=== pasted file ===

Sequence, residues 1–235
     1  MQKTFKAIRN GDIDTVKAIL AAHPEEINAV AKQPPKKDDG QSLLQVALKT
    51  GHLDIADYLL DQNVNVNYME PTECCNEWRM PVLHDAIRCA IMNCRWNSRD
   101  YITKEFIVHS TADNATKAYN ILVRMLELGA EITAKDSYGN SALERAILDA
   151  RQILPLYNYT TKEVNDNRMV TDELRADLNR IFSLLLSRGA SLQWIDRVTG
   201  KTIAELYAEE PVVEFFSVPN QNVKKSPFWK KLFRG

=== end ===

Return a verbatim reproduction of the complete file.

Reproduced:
Sequence, residues 1–235
     1  MQKTFKAIRN GDIDTVKAIL AAHPEEINAV AKQPPKKDDG QSLLQVALKT
    51  GHLDIADYLL DQNVNVNYME PTECCNEWRM PVLHDAIRCA IMNCRWNSRD
   101  YITKEFIVHS TADNATKAYN ILVRMLELGA EITAKDSYGN SALERAILDA
   151  RQILPLYNYT TKEVNDNRMV TDELRADLNR IFSLLLSRGA SLQWIDRVTG
   201  KTIAELYAEE PVVEFFSVPN QNVKKSPFWK KLFRG